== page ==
Sam Morris / Las Vegas Sun
Friday, Nov. 23, 2012 | 7:54 a.m.
The initial reaction to UNLV’s nonconference schedule this season, particularly the home portion, was a collective shrugged shoulder. It lacked the big names to grab headlines, and some even chalked up a perfect home slate from Nov. 12 to Jan. 5 before a single game had been played.
The 18th-ranked Rebels’ first two opponents — Northern Arizona and Jacksonville State — did little to dissuade that notion. This week, however, the outlook could change drastically as UNLV (2-0) hosts three 4-0 power conference foes in the Global Sports Classic.
The Rebels’ first game is at 6 p.m. Friday against Oregon on CBS Sports Network. That one follows the 3:30 p.m. matinee featuring No. 22 Cincinnati and Iowa State, also on CBSSN. The losers from both games will meet again at 5 p.m. Saturday, with the winners following in the championship at 7:30 p.m.
UNLV could get away with bushels of turnovers or defensive lapses in its first two games. It may not be so lucky this time around.
“We understand the challenge we’re going to have this week,” UNLV coach Dave Rice said. “Not playing just one tough game but, regardless of the outcome, playing another really tough game with limited preparation.”
This group is actually one of two four-packs playing at the Mack this weekend, though only friends and family of those involved will be turning out for the opening act of Campbell vs. North Carolina A&T (10 a.m. Friday) and Jacksonville State vs. NAU (12:30 p.m. Friday).
UNLV is clearly the headliner, though there’s certainly some interest in seeing the teams from the Big 12, Big East and Pac-12, particularly Oregon. The Ducks feature three local players on their roster: Bishop Gorman grads Johnathan Loyd and Ben Carter and Findlay Prep’s Dominic Artis.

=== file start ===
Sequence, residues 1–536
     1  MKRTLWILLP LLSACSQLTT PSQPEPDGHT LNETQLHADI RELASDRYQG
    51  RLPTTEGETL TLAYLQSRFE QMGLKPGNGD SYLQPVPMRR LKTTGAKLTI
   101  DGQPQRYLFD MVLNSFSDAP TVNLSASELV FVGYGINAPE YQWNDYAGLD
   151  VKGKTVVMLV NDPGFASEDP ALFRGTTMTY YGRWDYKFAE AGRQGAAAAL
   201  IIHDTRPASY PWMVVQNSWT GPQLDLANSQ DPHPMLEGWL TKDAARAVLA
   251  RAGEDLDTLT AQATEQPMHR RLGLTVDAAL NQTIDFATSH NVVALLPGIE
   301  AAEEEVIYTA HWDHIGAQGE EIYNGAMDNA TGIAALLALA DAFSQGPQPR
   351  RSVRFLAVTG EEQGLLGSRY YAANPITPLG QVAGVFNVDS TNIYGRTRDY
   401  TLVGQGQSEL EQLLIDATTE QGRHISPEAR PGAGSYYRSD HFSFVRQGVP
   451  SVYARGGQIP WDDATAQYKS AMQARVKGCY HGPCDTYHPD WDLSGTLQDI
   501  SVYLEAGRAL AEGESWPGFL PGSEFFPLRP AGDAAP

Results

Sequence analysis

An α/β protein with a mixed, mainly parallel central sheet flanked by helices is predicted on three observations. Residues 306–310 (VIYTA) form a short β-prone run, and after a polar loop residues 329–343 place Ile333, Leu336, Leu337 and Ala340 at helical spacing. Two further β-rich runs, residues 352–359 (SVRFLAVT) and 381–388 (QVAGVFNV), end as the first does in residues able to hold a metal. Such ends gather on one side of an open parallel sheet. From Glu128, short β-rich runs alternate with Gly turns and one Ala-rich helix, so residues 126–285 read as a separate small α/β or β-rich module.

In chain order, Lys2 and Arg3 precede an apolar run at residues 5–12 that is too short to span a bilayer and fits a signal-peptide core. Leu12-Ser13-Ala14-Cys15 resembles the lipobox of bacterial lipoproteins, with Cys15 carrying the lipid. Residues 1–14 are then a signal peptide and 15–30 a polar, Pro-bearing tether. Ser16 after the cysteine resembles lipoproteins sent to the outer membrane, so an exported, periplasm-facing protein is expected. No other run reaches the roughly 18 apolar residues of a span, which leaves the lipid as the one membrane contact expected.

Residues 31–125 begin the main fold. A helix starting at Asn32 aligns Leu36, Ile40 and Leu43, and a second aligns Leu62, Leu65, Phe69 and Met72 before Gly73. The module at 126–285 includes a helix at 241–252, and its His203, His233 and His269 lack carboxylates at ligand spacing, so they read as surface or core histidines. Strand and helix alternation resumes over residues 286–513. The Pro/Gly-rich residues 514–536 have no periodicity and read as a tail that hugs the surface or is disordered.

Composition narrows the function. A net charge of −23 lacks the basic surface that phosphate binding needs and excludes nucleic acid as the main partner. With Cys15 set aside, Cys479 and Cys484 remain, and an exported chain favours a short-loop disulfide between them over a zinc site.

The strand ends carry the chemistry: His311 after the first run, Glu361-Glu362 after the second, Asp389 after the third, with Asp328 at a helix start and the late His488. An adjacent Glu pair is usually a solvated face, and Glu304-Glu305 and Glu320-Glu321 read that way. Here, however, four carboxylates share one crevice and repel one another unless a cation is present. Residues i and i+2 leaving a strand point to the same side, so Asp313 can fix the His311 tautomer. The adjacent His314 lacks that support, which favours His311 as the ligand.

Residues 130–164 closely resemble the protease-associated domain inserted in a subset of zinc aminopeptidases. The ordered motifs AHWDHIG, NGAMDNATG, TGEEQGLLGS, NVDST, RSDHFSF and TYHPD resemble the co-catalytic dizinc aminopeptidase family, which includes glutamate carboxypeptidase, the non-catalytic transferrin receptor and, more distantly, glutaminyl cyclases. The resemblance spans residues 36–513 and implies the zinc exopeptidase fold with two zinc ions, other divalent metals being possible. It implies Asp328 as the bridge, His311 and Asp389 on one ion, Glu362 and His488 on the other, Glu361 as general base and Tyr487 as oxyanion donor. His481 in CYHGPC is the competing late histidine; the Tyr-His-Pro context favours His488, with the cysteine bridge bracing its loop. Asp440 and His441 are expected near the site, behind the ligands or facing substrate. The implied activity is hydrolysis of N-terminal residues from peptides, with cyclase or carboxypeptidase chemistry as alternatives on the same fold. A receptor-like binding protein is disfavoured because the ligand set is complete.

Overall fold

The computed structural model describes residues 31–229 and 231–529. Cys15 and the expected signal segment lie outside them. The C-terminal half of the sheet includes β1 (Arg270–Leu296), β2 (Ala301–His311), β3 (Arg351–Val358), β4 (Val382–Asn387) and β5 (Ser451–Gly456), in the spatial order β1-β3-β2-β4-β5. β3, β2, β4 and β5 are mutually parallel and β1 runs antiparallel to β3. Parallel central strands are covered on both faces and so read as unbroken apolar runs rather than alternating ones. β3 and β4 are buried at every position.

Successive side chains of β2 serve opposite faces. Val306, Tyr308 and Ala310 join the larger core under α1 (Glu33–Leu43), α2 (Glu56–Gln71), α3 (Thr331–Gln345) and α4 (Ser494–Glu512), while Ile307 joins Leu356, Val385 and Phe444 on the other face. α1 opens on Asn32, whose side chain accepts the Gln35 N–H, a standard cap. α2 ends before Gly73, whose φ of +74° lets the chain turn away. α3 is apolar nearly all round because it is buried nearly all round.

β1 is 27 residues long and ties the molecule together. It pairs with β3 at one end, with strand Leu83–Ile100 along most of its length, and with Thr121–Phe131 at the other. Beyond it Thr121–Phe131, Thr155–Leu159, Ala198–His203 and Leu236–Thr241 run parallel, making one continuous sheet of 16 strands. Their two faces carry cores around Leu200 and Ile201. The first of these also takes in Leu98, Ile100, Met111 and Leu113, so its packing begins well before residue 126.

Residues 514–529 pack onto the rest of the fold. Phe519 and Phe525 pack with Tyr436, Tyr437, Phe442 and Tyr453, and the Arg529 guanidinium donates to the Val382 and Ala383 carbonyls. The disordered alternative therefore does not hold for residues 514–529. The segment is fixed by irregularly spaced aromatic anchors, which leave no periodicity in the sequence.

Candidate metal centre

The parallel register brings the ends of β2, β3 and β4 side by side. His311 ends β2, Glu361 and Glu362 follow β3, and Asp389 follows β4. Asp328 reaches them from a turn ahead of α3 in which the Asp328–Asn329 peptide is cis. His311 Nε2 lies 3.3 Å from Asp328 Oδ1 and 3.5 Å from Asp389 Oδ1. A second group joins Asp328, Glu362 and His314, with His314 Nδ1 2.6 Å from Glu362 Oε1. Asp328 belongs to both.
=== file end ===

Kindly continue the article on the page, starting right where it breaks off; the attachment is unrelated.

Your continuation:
Carter is a freshman forward who bypassed UNLV, choosing instead to join Loyd, a junior guard, in the Northwest. Both guys are friends with Rebels senior guard Anthony Marshall, who said he keeps tabs on buddies.
“Anytime me and Johnathan match up, it’s always fun,” Marshall said. “He’s like a little brother to me. Anytime you’re playing against a friend, it adds a little something to the game; you just want to go out and dominate them and make a statement.”
Loyd has started three of Oregon’s four games, while Carter comes off the bench for just more than 13 minutes per game. Both guys average about three points per game.
Artis has flourished early in his collegiate career, averaging 10 points per game while starting every game and leading the team in steals with two per game. It comes as little surprise to former Findlay teammate Anthony Bennett, who’s having a nice start of his own for UNLV.
“Got to contain him,” Bennett said. “… He’s a good team player; he’s going to look for everybody on the court.”
While Marshall should spend plenty of time guarding Loyd and Artis, Bennett’s assignment will include trying to shut down the engines that really make the Ducks go. Seniors E.J. Singler, a 6-foot-6 forward, and 6-11 center Tony Woods average a combined 24.8 points per game. There’s also 6-11 junior center Waverly Austin, who’s a load on the block at 270 pounds.
“They just keep coming,” Rice said of Oregon’s depth.
No matter the outcome, UNLV has to turn around and play again less than 24 hours after the Oregon game ends. It’s not unlike a conference tournament setup, where there’s both a quick turnaround and an unknown as to the next opponent. That means the coaches will have a full scouting report on either Cincinnati or Iowa State, but the players will get only a few “special actions” to prepare for.
“We will put a basic, very rudimentary scouting report together for our players,” Rice said.
Of course, there’s also the conditioning to worry about. The Rebels have had six days in between games to rest up and prepare. This team prides itself on playing up-tempo. But this early in the year, are they prepared to do that essentially twice in one day?
“We really don’t have a choice,” Marshall said, “we’ve got to be ready.”